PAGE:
CONTROL: Since last week’s lockdown announcement and schools closing, I think a lot of us are feeling a lack of control – in what we can do in our everyday lives, balancing work, home, children and living with a worry of unsafe uncertainty. However, some may feel lockdown actually gives us more control, as we can keep our home bubble safe without sending our kids to school. Everyone’s situations and feelings are different. But one thing we all have in common is wanting some sense of control.

Control generally refers to how a person regulates themselves or wants to regulate their environment. There’s a balance that most people would like to meet, of feeling in charge of their own lives as well as being relaxed. Our sense of control influences how we respond to events that happen in our lives and our motivation to take action. When we feel in control, we’re more likely to take responsibility, avoid being influenced by others, work harder and feel happier. When we don’t feel in control, we’re more likely to blame others or circumstances, be stuck or unwilling to change and feel hopeless or powerless. Feeling in control is great, but we also want to be able to accept, cope and relax when that’s not possible.

Stress mostly arises because of major change, uncertainty and lack of control. Now more than ever people are realising that uncertainty is a fact of life. There are four positions to consider:

1) Unsafe uncertainty, which means danger, unclear, random, chaos,

2) Unsafe certainty, which is negativity, toxic, criticism,

3) Safe uncertainty, which means challenges, adaptations, flexibility, innovation

4) Safe certainty, which is repetition, comfort zone, complacency.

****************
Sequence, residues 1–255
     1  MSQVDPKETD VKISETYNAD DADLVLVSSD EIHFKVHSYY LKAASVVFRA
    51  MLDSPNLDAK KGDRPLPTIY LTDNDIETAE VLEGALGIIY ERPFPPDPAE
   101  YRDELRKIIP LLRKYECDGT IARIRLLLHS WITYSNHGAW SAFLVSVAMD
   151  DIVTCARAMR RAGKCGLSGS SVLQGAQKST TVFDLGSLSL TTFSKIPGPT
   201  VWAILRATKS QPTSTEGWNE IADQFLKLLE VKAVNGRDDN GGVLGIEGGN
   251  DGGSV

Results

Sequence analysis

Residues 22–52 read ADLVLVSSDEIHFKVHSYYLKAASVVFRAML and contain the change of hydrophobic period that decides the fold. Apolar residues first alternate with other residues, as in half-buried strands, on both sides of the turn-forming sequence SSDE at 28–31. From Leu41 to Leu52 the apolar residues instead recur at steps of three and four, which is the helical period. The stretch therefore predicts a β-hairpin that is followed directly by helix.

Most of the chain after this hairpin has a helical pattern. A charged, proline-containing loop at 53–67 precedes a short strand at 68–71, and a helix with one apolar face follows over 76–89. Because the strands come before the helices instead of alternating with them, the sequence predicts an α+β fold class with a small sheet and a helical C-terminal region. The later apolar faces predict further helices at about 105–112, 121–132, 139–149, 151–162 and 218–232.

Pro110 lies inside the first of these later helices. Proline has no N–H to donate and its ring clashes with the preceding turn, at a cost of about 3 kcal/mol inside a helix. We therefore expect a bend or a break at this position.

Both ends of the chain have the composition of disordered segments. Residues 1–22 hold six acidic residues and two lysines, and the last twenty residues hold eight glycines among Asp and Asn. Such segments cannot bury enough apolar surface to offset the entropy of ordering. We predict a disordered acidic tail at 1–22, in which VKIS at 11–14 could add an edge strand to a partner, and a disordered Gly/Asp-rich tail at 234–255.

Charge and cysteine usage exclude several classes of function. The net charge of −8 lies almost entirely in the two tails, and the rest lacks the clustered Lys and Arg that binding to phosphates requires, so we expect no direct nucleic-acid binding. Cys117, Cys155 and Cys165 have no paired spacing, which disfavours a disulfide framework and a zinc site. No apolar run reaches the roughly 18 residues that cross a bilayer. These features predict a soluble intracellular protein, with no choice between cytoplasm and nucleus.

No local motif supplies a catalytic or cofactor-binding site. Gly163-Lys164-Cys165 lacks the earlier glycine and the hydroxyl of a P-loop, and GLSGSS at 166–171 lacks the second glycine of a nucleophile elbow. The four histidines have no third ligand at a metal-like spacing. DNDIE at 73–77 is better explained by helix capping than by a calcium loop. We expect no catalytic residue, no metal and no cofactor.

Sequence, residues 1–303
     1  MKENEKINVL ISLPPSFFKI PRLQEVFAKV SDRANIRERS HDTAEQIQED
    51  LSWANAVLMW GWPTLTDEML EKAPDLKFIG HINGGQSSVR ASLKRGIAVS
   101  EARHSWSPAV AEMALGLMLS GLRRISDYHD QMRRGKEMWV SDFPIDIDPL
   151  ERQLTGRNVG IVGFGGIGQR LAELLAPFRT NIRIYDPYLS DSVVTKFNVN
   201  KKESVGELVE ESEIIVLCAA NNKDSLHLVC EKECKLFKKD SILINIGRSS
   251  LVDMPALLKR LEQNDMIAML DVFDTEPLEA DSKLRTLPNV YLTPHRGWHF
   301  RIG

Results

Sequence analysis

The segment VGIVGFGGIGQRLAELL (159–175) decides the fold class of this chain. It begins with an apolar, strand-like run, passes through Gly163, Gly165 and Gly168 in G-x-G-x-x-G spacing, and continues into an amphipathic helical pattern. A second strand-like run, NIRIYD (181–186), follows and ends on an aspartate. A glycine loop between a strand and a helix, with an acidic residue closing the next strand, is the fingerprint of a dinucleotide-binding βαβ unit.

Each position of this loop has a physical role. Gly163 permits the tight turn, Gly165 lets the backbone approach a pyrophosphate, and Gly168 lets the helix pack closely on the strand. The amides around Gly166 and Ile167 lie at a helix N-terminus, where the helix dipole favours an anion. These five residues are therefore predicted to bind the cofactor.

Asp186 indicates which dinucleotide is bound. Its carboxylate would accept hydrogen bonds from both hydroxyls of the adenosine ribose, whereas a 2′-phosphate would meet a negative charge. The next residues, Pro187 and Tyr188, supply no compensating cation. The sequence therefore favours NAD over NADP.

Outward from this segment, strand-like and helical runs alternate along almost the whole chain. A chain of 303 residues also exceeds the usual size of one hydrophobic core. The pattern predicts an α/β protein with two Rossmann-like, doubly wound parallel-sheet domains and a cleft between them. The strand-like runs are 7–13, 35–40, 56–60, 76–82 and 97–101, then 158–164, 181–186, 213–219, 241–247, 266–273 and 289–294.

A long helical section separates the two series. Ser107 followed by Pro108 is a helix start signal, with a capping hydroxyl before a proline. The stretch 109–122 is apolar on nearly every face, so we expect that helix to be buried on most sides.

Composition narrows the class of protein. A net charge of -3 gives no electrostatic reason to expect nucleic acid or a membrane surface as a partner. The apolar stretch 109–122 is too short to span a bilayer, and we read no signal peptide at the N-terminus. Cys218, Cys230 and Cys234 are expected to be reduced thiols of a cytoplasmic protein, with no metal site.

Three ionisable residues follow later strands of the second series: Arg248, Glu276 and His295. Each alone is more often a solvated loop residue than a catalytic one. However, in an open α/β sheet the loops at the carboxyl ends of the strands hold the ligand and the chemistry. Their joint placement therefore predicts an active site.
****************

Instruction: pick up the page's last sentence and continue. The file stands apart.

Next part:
Which one would you prefer to be in? Most people would say 3. (Safe uncertainty) – as it’s the most creative, explorative and helpful to our well-being and for improving ourselves. If you were in 4 (Safe certainty), and you had total control and everything in front of you was planned, your life set in stone, you may struggle to have motivation. We learn better when we perceive uncertainty, it allows us to dream big, to explore a wider picture and look for positives.

I wanted to share with you this little exercise that can help:

Draw a circle on a piece of paper and in this circle, write down things that you can control today or this week. They can be big or small but focus on things that are present to you at the moment. E.g., how often you listen to the news, how often you check your phone, whether you meet up with someone or not. Now draw a bigger circle around it and in this circle, write down things that you’re worried about, and can’t control. E.g., what’s happening in the news, how someone behaves, current restrictions. For each worry, tell yourself: ‘by worrying about this, it won’t help me…’ You can then try and find the positive or reality in each worry. E.g., that situation has taught me…, the depressing news has made me grateful for…, if my boss / colleague doesn’t understand my situation then…

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